Aunt Alexandra has this strange notion that the characteristics of each family are handed down from generation to generation. So if a family has the reputation of being bad—like the Ewells, for example—it's because they've always been bad, and, what's more, always will be bad. Such families have a genetic bad streak that simply cannot be erased by the passage of time.
By the same token, "good" families like the Finches are the product of good breeding, which stretches back several generations. According to Aunt Alexandra, the Finches are a good family because they have a good streak in them. Because of this happy genetic inheritance, they have always been a good family and always will be a good family, come what may. It's all in the genes.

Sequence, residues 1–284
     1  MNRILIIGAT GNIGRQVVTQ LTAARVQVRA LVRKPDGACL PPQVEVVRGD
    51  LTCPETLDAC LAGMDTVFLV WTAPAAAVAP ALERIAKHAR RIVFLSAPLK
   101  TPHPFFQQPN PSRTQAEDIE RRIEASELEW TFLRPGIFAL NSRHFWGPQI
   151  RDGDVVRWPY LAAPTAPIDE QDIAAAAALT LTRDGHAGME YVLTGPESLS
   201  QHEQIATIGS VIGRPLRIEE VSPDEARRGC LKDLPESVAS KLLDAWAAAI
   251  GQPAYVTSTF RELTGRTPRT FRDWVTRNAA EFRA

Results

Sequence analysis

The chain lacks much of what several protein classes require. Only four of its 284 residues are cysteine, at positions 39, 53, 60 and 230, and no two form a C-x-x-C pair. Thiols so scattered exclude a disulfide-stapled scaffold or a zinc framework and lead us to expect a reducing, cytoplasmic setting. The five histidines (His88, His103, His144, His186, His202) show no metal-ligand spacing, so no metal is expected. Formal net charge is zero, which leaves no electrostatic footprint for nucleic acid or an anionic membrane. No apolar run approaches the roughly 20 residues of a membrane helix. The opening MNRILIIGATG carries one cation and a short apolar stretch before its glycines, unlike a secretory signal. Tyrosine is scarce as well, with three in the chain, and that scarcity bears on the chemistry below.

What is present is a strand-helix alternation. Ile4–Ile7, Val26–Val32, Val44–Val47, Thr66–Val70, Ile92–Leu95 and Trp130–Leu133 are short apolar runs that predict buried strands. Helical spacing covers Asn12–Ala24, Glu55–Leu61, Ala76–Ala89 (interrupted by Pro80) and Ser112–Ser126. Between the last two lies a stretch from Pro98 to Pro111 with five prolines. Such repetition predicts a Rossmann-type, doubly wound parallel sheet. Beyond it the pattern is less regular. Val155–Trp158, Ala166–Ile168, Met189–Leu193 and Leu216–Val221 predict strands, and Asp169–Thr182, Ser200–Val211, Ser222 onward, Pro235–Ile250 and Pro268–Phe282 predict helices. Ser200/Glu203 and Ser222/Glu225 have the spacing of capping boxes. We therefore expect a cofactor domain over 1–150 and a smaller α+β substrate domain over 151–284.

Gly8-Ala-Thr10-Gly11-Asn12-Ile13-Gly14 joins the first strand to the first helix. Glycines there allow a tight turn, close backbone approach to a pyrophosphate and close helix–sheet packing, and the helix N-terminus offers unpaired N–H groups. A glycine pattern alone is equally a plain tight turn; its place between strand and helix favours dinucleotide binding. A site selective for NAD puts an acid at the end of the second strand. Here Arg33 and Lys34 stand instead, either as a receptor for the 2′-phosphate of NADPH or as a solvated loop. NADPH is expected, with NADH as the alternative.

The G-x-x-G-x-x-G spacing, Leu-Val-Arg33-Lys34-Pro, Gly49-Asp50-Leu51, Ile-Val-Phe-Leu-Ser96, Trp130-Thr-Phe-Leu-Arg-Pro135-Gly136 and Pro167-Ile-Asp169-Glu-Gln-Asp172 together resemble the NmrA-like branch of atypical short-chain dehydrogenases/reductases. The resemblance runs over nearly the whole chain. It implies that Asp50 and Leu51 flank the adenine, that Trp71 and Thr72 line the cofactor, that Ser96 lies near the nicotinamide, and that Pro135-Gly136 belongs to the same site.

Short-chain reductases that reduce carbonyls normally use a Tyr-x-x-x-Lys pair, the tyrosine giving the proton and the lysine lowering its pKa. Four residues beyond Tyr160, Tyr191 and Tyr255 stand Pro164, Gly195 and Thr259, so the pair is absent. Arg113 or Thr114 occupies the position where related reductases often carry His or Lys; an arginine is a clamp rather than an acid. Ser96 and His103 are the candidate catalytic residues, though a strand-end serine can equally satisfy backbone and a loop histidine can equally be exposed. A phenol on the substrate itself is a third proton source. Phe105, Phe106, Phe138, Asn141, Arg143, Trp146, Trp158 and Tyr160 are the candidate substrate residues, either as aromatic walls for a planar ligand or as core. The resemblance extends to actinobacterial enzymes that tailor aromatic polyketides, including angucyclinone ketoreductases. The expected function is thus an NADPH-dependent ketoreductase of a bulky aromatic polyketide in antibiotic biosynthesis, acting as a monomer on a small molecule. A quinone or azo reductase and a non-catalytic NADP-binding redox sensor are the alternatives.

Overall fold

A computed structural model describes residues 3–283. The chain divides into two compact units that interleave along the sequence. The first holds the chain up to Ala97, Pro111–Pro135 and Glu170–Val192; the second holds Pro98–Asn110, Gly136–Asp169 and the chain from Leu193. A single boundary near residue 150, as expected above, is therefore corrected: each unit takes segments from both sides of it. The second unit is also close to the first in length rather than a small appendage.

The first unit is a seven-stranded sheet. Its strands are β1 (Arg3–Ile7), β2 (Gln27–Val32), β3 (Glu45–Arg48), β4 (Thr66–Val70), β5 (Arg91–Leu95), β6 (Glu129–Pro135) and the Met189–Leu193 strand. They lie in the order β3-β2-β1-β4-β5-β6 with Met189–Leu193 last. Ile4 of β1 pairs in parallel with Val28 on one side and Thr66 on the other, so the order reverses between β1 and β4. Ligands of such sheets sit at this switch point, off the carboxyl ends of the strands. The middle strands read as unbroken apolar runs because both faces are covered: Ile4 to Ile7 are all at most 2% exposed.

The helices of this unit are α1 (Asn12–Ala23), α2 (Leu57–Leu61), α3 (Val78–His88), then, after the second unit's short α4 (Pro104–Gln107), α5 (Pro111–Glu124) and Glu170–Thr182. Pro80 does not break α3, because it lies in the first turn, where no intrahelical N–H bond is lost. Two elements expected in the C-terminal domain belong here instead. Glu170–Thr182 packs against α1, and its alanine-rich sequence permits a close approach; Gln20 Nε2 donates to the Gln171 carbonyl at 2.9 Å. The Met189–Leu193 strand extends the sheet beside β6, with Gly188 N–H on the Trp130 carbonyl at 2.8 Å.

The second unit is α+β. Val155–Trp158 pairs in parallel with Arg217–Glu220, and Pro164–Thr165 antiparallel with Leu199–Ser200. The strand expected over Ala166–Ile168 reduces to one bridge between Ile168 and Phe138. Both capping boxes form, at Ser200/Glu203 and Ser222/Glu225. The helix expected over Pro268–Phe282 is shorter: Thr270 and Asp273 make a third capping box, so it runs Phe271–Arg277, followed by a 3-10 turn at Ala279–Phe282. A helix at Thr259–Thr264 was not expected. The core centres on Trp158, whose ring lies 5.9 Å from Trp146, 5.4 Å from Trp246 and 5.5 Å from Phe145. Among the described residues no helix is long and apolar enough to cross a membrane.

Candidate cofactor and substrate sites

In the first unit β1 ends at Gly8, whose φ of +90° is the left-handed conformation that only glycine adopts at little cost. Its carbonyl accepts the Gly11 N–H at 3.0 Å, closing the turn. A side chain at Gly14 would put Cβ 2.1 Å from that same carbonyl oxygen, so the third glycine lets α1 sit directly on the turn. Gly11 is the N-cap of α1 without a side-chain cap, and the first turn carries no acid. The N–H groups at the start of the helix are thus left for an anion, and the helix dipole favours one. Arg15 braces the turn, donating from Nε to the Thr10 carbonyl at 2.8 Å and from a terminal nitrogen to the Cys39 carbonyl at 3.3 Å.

An additional factor in making a family "good" is the amount of time they've been occupying a particular plot of land. On Aunt Alexandra's view, the ownership of land, especially over a long period of time, confers power, status, and respectability, all the things that really matter in life to this crashing snob.